Wednesday, November 14, 2001 Volume 67, Issue 60


 
 









 

Religion a major aspect of war, professor says

Ken Fountain
Daily Cougar Staff

Despite the pronouncements of President Bush and others to the contrary, the United States and its allies are engaged in a "religious war" against Osama bin Laden's al-Qaida terrorist network and the Taliban regime of Afghanistan.


Johnny Kow/The Daily Cougar


Business professor Basheer Khumawala, sociology professor Helen Rose Ebaugh and economics professor Thomas DeGregori discuss "Religion, Politics and the New World Order" at Farish Hall on Tuesday.


So stated UH professor Helen Rose Ebaugh, a specialist in the sociology of religion, at the second of three symposiums addressing issues arising from the East Coast terrorist attacks.

The forum, titled "Religion, Politics and the New World Order," was held Tuesday in the Kiva Room of Farish Hall. The other panelists were Bauer College of
Business professor Basheer Khumawala and economics professor Thomas DeGregori.

"On Sept. 11, President Bush, from the very beginning, proclaimed that this is not a religious war, and he hasn't backed off from that position since," Ebaugh said.

"I think he's politically smart and correct to keep reiterating that phrase. We cannot afford to alienate Muslim states, and lose their inclusion in the global alliance
against terrorism.

"Likewise, it is crucial in the days and weeks following Sept. 11, and still is today, to embrace the Muslim Americans who are struggling to disengage themselves
and their religion from the Islamic radicals who became suicide bombers in the attack."

But, Ebaugh said, because Osama bin Laden, in his videotaped messages, has actively portrayed the battle as one between the world's Muslims and the West,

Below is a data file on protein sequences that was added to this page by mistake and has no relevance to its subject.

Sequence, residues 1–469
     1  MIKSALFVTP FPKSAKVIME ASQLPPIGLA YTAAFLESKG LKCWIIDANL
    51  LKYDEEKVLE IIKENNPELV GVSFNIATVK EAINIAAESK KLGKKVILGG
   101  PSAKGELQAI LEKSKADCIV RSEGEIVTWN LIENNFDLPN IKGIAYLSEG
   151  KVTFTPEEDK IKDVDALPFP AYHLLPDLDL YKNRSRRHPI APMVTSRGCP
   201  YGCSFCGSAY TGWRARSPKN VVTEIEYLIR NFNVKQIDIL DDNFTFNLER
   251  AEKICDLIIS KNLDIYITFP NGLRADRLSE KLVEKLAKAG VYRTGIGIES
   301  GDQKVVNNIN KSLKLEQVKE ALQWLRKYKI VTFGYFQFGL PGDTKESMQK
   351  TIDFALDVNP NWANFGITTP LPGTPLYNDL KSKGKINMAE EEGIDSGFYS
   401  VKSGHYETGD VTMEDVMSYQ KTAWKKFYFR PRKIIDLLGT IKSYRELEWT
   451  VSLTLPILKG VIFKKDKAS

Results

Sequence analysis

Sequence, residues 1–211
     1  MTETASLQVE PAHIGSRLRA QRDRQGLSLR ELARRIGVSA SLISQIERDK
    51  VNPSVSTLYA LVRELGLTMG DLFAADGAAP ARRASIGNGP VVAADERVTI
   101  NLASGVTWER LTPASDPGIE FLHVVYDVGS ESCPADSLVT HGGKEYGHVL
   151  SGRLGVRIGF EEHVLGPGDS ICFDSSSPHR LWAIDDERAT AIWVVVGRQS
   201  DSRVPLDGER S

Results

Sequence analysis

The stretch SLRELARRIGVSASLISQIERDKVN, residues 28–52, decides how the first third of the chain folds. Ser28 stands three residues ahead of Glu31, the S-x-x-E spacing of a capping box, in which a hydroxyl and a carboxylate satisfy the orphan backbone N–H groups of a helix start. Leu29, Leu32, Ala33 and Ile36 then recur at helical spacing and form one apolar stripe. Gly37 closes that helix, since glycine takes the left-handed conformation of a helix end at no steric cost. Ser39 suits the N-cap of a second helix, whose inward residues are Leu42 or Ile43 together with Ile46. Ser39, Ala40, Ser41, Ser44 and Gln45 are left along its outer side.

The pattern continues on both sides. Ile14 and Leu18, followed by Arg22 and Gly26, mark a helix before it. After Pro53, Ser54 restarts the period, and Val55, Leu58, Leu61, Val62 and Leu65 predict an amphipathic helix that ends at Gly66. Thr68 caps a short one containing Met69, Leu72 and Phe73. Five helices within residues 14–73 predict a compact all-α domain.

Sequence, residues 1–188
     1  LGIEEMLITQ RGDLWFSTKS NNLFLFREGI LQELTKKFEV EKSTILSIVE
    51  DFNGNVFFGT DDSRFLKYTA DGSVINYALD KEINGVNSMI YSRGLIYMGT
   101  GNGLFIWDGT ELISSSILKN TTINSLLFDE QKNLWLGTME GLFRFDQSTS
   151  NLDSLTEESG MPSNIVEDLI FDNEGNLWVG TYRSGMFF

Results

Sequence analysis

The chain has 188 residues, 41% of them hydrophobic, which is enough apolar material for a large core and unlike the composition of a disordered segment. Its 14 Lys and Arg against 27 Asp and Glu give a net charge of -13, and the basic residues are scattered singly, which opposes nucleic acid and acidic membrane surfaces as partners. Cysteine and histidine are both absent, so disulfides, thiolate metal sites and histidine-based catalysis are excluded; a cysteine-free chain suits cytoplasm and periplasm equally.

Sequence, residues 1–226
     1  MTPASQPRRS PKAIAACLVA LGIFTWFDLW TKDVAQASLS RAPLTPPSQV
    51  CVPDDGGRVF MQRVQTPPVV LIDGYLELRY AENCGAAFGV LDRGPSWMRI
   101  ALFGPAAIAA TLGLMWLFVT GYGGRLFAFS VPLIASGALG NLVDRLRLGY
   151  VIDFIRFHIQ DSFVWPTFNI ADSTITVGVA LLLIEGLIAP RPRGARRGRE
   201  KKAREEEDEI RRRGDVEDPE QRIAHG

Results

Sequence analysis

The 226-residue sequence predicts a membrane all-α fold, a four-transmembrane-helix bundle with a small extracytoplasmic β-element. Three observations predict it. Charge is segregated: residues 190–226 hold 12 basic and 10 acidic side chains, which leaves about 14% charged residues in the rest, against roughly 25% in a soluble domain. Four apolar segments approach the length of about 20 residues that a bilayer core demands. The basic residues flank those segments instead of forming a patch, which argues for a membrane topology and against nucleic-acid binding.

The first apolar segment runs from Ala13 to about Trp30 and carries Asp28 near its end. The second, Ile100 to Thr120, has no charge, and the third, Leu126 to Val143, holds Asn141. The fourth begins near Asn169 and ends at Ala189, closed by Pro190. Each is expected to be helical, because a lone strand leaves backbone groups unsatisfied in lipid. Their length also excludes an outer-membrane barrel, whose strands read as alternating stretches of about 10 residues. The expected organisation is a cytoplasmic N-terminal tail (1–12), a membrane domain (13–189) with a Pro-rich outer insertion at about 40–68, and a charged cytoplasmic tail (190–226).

Americans and their allies must reconcile themselves to thinking about the war in religious terms.

"I think it behooves us not to hide our heads in the sand and shrink from confronting the fact that Osama bin Laden is defining the war in this religious context," she
said. "By acknowledging that religion is integrally involved in the conflict, and then figuring out how and why, we gain a better understanding of the tactics Osama
bin Laden is using."

Bin Laden, through his videotaped appeals, is employing fundamentalist Muslim ideals which are winning "the hearts and minds" of great numbers of Muslims, she
said. This accounts for the fact that many Arab and other Muslim nations have been ambivalent in their support of the U.S.-led military campaign.

Ebaugh said religious fundamentalism, which is found in all faiths but is particularly strong among the monotheistic faiths (Judaism, Christianity and Islam), often
finds great appeal among "the down and out" people who have lost hope in their lives.

DeGregori, who has traveled and worked extensively in Central Asia, put the conflict in a geopolitical context.

He noted that the region, which includes modern-day Afghanistan, has a millennia-long tradition of high civilization. The Indus Valley in nearby India, the "Fertile
Crescent" of Mesopotamia (modern Iraq) and the Silk Route which connected Europe with Asia are examples of this history, he said.

"Afghanistan has been a crossroads of culture. It also became a crossroads of the big powers," DeGregori said. Beginning in the 18th century, however, it became a
pawn of what was once called "the Great Game," the geopolitical struggle between the world's superpowers. Originally, those powers were the British Empire and
Czarist Russia. In the 20th century, they were the United States and the Soviet Union.

"The Afghans have been the victims of power politics," he said.

DeGregori said the Islamic fanaticism found in Afghanistan and the surrounding region is not the result of one single cause, as the media often portrays it, but a
multiplicity of influences, especially since the Soviet invasion in 1979 and the 10-year war that followed. In fact, he said, it is an offshoot of the extreme branch of
fundamentalist Islam called Wahhabism, which was imported by Saudi Arabians who went there to fight with the mujahadeen.

Khumawala, a lay Muslim, said that in the wake of the Sept. 11 attacks, American Muslims "have a great responsibility. We have been negligent in doing our fair
share of teaching what Islam is all about."

In a post-Taliban Afghanistan, he said, it is critical that America and its allies help the country's population achieve two things: education and economic stability.
 
 
 

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